- The Washington Times - Saturday, September 23, 2006

‘Dumbing down’ American culture

To read William Murchison’s recent review of our new book “Renewing American Culture: The Pursuit of Happiness,” one would think we had jumped off the deep end of the pool (“Weighty words about society’s purpose,” Books, Sept. 10). The actual ideas of the book are great, according to Mr. Murchison, but “oh, the prose, the prose!”

If indeed we have gone off the deep end, it’s because we are tired of hitting our heads against the shallow end of the pool where American culture has for years been stranded.

Let’s face it. Our culture has been dumbed down by so many for so long that any complex thinking produces irritation or boredom. From the monosyllables of the Bush administration, to the shrill rhetoric of Howard Dean on the other side, to the bottomless prose of postmodernism in the academy, to the incessant shouting of journalists and talking heads, there is little to stimulate thought or inspire our vision.

The irony, if that’s not too intellectual a term, is that this dumbing down of American culture is happening at one of the most intellectually exciting, challenging, and expansive periods in human history. But we are throwing away this golden moment.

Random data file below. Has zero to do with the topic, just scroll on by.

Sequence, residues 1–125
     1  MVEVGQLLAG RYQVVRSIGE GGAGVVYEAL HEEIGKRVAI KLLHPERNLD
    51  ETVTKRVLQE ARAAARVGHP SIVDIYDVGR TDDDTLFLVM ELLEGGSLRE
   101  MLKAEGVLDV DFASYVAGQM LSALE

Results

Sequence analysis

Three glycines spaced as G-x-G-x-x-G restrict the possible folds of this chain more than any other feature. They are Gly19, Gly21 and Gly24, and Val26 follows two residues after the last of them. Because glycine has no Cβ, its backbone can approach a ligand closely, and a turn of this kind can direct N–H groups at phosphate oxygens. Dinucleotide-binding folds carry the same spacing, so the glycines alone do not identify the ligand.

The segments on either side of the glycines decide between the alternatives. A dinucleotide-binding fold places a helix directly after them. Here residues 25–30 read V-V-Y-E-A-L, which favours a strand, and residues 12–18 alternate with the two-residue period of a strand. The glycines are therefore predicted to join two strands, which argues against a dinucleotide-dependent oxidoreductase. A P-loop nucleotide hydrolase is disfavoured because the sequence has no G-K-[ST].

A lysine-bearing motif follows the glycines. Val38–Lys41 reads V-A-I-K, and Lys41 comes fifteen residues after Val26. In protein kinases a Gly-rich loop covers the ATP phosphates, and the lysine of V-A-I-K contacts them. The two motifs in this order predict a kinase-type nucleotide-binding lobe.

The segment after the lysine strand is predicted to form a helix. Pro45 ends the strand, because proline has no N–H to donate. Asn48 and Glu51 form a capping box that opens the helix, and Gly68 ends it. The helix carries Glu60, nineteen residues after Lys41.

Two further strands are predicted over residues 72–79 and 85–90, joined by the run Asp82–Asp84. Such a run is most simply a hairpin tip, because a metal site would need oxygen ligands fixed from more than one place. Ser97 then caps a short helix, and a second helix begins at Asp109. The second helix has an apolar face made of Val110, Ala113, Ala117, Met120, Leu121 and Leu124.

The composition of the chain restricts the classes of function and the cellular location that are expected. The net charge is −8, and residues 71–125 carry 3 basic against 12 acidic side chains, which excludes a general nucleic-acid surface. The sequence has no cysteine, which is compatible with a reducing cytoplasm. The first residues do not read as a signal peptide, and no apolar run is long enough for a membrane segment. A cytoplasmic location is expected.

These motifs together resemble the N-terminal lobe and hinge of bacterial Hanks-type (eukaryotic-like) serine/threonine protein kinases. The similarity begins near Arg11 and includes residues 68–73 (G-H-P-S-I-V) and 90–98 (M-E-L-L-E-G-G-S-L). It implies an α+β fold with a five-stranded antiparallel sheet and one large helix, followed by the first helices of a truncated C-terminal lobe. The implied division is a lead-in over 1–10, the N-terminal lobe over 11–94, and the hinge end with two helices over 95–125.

David Brooks recently reported that looking at old Time magazines from the 1950s and 1960s while cleaning his garage, he found lengthy articles on theology, astrophysics and new symphonic music, as well as a densely packed three-page analysis of William Faulkner’s prose style. This heady stuff was thought appropriate fare for a general audience in its day. How far we have traveled from that state of culture.

Today’s bland journalists, like Mr. Murchison, who is a professor of the subject at Baylor, would no doubt find this very tedious. Today editors give us rage, sex and push-button ideas auto-stated over and over, without nuance or variation. New York Times policy decisions and pubic debate are critiqued from the viewpoint that anyone who frames an issue is using language to seize power, rather than from the view that someone is stating ideas tied to real consequences and choices. Yes, today, prose has become the issue.